Call to end 25 years of bus privatisation

More than 1,500 people have backed proposals to end 25 years of privatised bus services in Tyne and Wear.

Next week, councillors will decide whether to support plans to claw back control over routes, timetables and fares. At the moment, private bus companies decide where buses run, how often and how much they cost.

Bus companies are threatening legal action if councillors approve the plans. Credit: ITV

If members of the Tyne and Wear Integrated Transport Authority decide to go ahead, the area will become the first outside London to take direct control over all bus services. Private companies would then be invited to bid for contracts to run them.

"When the bus companies decide to pull a route, often that's with minimal notice and consultation. People are frustrated and they're often left cut off. The bus companies receive almost half their income from the taxpayer, yet the public have virtually no say in what goes on."

– Bridget Phillipson, Labour MP for Houghton & Washington South

The proposal is known as a 'Quality Contract' and is fiercely opposed by the region's major bus companies, including Go North East, Stagecoach and Arriva. They've threatened legal action to stop the moves, and instead propose a less formal arrangement, known as a 'Quality Partnership'.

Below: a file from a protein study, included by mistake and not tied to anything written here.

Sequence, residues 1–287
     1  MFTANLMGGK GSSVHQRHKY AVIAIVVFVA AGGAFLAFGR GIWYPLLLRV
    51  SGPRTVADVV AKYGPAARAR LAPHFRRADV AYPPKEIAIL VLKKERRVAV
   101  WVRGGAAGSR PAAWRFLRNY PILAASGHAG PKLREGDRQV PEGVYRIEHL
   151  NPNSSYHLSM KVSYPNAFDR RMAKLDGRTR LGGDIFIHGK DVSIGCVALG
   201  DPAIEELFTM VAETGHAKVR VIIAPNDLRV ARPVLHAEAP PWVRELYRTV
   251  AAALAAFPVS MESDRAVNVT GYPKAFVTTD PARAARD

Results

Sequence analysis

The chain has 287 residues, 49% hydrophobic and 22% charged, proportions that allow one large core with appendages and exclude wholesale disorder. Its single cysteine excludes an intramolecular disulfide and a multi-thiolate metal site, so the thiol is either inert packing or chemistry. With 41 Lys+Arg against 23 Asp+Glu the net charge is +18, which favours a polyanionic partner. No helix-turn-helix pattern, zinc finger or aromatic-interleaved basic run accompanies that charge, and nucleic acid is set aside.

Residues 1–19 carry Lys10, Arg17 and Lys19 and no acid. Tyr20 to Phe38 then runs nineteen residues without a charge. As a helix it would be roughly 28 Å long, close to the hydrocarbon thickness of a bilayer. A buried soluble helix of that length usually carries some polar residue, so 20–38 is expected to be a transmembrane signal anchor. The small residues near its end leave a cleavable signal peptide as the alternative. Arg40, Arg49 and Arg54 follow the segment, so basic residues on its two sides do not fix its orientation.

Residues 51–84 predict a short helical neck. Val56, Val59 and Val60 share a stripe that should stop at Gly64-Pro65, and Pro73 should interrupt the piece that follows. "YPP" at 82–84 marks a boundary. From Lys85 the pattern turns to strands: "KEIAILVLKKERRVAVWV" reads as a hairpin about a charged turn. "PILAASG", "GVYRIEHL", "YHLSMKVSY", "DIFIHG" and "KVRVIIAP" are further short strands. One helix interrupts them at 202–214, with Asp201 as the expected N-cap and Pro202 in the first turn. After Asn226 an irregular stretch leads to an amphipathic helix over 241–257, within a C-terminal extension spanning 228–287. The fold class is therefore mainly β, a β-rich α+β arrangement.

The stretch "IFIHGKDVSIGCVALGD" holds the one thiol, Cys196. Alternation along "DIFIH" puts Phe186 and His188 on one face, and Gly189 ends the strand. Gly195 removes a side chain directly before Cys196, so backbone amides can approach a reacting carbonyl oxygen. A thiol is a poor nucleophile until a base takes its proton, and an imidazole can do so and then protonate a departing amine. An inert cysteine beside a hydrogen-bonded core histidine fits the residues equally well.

Supporters of the changes say the service would be simpler and more cost-effective for passengers. Credit: ITV

How would bus services change?

  • At the moment, a passenger travelling from Washington to Roker, for example, needs to change buses to one operated by a different company.
  • Most tickets are not valid across different operators, meaning passengers sometimes have to pay twice.
  • Under the 'Quality Contract', services would be integrated, with one set of tickets for the whole network.
  • Timetables would be organised by one body, and could be co-ordinated to tie in with Tyne & Wear Metro services.

Supporters of the changes say bus companies often pull less-profitable routes, leaving many communities without services at unpopular times of the day, without explaining why. It's claimed a 'Quality Contract' would safeguard many of these services.

But bus operators say the scheme will cost taxpayers more. They say the area has one of the best transport networks in the country, and that the new contract should only be introduced as a last resort when services are failing.

"We firmly believe that we can provide everything required by a Quality Contract through a Partnership, and more. Why put all the risk onto the public purse when the operators are prepared to do that?"

– Kevin Carr, Managing Director, Go North East